Tuesday, January 4, 2011

Almost Alive- chapter

In my winter white ceramic bowl sat absolutely perfect muffin batter. Fluffy yet slightly lumpy. It's a damn shame that it ultimately ended up in a bloody mess all over the front yard.

I am not usually one to accept a compliment. In fact, I have been told that the screwed up look on my face after receiving any sort of praise much resembles the look a baby makes the first time she licks a pickle. However, I can state with complete empiricism that I make excellent muffins. It doesn't even matter what kind, I have perfected my "pinch of this and that" base recipe and the rest falls into place. Even my mother (the Great Queen of Pastries) herself has crowned me the Quickbread Queen. I don't argue. And when someone tries one for the first time, I can tell by their thin- lipped smile that I am indeed gifted.

Over the years that I was married, I used these little breads as a means of stress relief and self-affirmation. Therefore, I developed my own concoctions for catharsis such as: Honey Oatmeal, Tomato Basil, Peach Raspberry, Vanilla Rosemary, Dark Chocolate Cherry, Strawberry Rhubarb, Lemon Mint, Almond Poppyseed, Apple Cinnamon, Rum Raisin, and of course Blueberry and of certainly many more that I haven't yet documented, and definitely many more that have flopped terribly. None of these flops, might I add, have ever occurred while I have been one- handed, toting a glass of whiskey or wine. Well, not until frigid, Northern afternoon, while i was under a deep, drunken spell due simultaneous over-consumption of these two elixirs. Not until I had come home from the gym, collected my mail and opened up the envelope from my attorney. There they were. The signed and finalized divorce papers. I had been expecting them any day. But the hot fuzz in my stomach sunk deeper and I headed for my liquor closet and box of recipes.

Once, I purchased a beautiful little apron for the sole purpose of muffin making. It was completely quaint with ruffles, bows and French scroll pattern. I only used it once, because well, I deemed it too pretty to use. So I would spin around in tiny circles with dashes of salt and sugar in my hair and flour on my un-aproned knees, mixing woes with alcohol in my pretty white mixing bowls.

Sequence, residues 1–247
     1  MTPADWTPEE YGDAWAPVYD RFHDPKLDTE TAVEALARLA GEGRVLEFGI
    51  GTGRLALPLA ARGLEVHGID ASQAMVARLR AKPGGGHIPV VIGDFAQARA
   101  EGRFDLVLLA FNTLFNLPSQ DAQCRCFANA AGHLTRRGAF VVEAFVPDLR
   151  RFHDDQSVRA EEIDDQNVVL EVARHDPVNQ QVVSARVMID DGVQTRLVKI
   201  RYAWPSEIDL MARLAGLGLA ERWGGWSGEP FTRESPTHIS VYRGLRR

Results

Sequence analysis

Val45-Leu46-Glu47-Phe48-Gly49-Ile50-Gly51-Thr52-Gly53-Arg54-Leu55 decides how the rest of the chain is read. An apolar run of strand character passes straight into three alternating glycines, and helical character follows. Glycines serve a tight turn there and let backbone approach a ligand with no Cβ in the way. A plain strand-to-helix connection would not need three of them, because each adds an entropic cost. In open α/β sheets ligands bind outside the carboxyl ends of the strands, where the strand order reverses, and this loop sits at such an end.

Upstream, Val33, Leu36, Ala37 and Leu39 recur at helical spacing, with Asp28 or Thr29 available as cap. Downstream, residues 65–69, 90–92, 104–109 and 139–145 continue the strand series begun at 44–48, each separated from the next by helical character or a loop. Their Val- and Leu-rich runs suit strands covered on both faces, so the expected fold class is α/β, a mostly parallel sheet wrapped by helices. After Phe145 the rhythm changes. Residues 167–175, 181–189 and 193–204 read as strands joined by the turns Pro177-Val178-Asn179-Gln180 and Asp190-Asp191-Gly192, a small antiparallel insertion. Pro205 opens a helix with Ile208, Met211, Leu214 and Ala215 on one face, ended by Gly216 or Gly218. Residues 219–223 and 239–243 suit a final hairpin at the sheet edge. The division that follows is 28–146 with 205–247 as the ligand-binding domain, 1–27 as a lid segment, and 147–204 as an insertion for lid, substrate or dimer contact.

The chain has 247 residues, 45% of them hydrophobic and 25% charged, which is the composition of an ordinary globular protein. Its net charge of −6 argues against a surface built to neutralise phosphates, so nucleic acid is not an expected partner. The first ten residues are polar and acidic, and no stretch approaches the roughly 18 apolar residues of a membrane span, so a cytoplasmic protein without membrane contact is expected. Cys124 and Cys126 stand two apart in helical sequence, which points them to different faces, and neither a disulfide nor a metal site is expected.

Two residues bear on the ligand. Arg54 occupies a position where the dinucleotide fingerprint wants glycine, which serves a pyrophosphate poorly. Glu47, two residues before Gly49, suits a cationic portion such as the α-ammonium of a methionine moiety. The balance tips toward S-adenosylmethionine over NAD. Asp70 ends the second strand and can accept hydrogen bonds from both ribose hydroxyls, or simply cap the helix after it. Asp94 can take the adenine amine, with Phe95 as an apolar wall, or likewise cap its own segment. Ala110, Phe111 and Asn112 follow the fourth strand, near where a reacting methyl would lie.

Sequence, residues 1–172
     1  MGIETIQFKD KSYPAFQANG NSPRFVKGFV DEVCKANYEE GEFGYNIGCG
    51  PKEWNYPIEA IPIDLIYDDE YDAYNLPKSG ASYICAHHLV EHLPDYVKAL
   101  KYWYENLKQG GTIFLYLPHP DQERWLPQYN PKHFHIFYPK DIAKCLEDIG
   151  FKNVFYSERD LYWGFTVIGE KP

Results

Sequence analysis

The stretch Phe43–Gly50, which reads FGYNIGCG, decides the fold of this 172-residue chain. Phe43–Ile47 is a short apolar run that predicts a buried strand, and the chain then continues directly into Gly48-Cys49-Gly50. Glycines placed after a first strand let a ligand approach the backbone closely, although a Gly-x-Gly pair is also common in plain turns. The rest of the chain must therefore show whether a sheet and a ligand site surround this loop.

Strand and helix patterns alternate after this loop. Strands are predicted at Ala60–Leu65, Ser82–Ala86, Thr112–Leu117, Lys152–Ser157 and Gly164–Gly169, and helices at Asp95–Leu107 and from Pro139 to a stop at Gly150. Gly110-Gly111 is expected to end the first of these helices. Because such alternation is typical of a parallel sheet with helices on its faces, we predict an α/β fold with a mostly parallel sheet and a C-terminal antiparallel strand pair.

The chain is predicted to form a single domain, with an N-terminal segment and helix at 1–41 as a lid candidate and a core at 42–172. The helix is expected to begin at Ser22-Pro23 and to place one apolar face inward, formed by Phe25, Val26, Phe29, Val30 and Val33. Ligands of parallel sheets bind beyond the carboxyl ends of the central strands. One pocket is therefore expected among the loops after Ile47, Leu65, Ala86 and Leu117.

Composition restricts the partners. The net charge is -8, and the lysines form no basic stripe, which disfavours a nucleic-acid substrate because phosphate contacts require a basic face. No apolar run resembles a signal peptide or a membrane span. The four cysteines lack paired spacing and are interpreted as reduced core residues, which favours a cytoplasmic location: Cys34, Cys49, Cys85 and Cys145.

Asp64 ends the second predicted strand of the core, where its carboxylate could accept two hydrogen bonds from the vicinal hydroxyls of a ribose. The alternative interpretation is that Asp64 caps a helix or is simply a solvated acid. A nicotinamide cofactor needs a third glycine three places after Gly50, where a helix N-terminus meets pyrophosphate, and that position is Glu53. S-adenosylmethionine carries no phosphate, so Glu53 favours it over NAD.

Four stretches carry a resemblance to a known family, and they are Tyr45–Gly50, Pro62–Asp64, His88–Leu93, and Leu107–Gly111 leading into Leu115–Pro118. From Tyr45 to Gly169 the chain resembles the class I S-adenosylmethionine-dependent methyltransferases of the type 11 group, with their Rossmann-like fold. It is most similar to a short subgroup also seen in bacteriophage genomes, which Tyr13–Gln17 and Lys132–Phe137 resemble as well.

I loved to tear around my flyspeck kitchen. Even though the lid of the garbage and the top of the refrigerator had to frequently serve as extra counter space. I did let Fitzgerald, my fluffy mutt of a cat, sit on the counter while I cracked eggs and splashed unmeasured amounts of various extracts into flour wells. He would huff and sneeze sometimes when the baking powder plumed like dust from my clapping hands. And, sometimes, I would pretend like I didn't see him lick the gooey spoon. And other times, I had a bit too much wine while whisking around and, I am sure, genuinely oversaw his sneaky spatula licks.

At first I was only trying to smash the unwelcome, grotesque spider as he swayed from the door frame, sneering at me. Taunting me, even. Well, taunting in a three fingers of Irish Whiskey and 3/4 bottle of $35 Cabernet sort of way perhaps. "Get out of here, you bastard," I slurred. "You're not touching these muffins." Like he was going to anyway...

Guarding white bowl of muffin perfection under my arm, I calculated my steps across the minute kitchen. I stood next to my cat, who was now greedily lapping up batter drops from the counter. I stared profoundly into his huge green eyes. "Fitzy. You're the man around here now. Go get that thing. Eat it. Do- whatever." He stared lovingly into my eyes and I could hear small rumblings of a purr and he just laid himself down on the floured surface.

Cat in one arm and precious bowl of Orange Pecan muffins- to- be in the other, I marched gracelessly nearer to the eight-legged terror. I shoved Fitzy's face into the hundreds of swinging eyes. "Get him, babe." The cat just hung there over my arm, purring.

I don't usually eat the muffins. Certainly I follow the Baker's Creed and taste part of one before serving them, but I make a great effort to distribute them to co-workers and friends as quickly as possible before they magically and maliciously float from the tin onto my thighs. But, on that particular snowy afternoon, I did not need to worry about burning the muffins off on the treadmill. I was at least safe from that prospect as I lay there covered in blood and batter and snow in the yard, while Fitzgerald sat staring inquisitively at me through the window.

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